A letter to my daughters, and any other younger versions of myself out there:
I know you are young. You are going to swimming lessons, and making mud pies with your cousins under the walnut trees. You are jumping on the trampoline and inventing new ballet dances to perform in the living room. Your bodies are small, strong, and beautiful. Your arms and legs do wonderful things. Your heart pumps and your lungs fill up to bring your muscles the oxygen they need to run faster faster faster. This is what your body does fantastically well. This is your young glory, my darlings.
I see the question mark hanging above your head, even now, from time to time: “Am I pretty?” You pull yourself up on the stool beside me and pop your head beside mine as I brush my hair in the morning. My sweetheart, your body looks just like mine. I had those same inquisitive big eyes at your age. Your body looks just like Daddy’s: the way you throw your head back and smile opened-mouth when he tickles you. That’s his smile. Even your baby teeth look like his in his young pictures.
Times are, I get out of the shower, to find a little face looking me over, considering all the bare skin she sees. My first response is to cover up, overcome by the vulnerability, the sheer nudity of the moment. But then I realize that this is a time for teaching and learning. A little hand reaches up and smoothes my thigh. She spends her time charting my map with her eyes, noting the lines and curves and proportions. She asks questions about parts that are different than hers. I feel a rush of privalege that I, her mother, am the first person to introduce her to the grown-up body of a woman. I tell her that she will have the same parts when she grows to be a woman. I remember watching my own mother dress, and getting a glimpse into my own body’s future. It actually wasn’t too far off. Which is why I can say with reasonable assurance, that girls, your body will look just like mine.
There will come a time in adolescence that you will bloom, and wilt, all at the same time. Your mind will turn against you, shredding your self-image with criticism about your body. But please remember: this battle is waged largely in your brain. Remember who you are, even as you are discovering who you will become. You are my daughters. You are Daddy’s daughers. You are the beloved grandchildren to Grandma, Papa, and YiaYia. Your bodies look just like ours. Your strong muscles, your flexible joints, your wavy hair, your little nose, your narrow feet… they all echo our own. Our common traits stand in solidarity with your own – a silent support of familial features, that you belong to us, and in turn, we belong to you.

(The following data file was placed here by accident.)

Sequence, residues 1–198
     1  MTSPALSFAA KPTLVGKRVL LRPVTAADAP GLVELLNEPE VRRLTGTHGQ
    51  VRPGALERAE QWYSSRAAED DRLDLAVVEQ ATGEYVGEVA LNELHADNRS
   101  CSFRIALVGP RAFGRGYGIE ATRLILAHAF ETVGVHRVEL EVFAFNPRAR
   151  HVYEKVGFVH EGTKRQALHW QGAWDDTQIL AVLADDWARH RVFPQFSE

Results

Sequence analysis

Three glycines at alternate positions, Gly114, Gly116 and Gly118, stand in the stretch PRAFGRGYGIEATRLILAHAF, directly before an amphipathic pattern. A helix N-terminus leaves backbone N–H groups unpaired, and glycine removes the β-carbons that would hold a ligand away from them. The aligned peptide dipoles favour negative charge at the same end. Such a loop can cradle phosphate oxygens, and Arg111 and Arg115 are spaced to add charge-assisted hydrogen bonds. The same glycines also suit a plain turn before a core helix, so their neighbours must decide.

Pretty is what we say it is. Simple as that. It is my job to teach you to care well for your body, to feed and fuel it so that it can do the things that thrill your heart. Its my job to model what fun it is to be a woman: to play with makeup, and learn the finer things of femininity. And just as much how to posess the endurance to climb a rock and hike a mountain.
You are your own person, but your body will always bear the marks of your heritage.
Your body will change. Your body will always change. When you carry a child, your body will look just like mine does currently. You get to see how my body ripens and swells like a fruit in season. Look and learn girls. Watch how a woman’s body is designed: to carry and nurse a baby. Watch how I eventually train my stomach muscles back into place. Watch how I look as a thirty-something woman. This mom-body will be yours someday. It is one of the highest honors. The stretch marks may come. The extra fat may come. The new shape will come from expanding and contracting with 3 consecutive babies. It is part of a woman’s body with a family. I have always wanted a family, and now I have one: the proof of which is in my very body. Isn’t that wonderful?
So be comforted, my girls. You are beautiful. Your body is beautiful because it is a part of you, and YOU are so very very loved. My mom-body is beautiful because I am loved: by myself, by my husband, and by my family. You belong. And you have a solid foundation from which to bloom. You are a girl. You will become a woman. As much as your brain will try to convince you otherwise in your teenage years, there really is nothing wrong with you. Your body looks just like mine. And I have all the same parts as every other woman out there. We all have eyes, feet, breasts, hips, bones, muscles, lips, and wombs.
Girls, our bodies all look just like each other.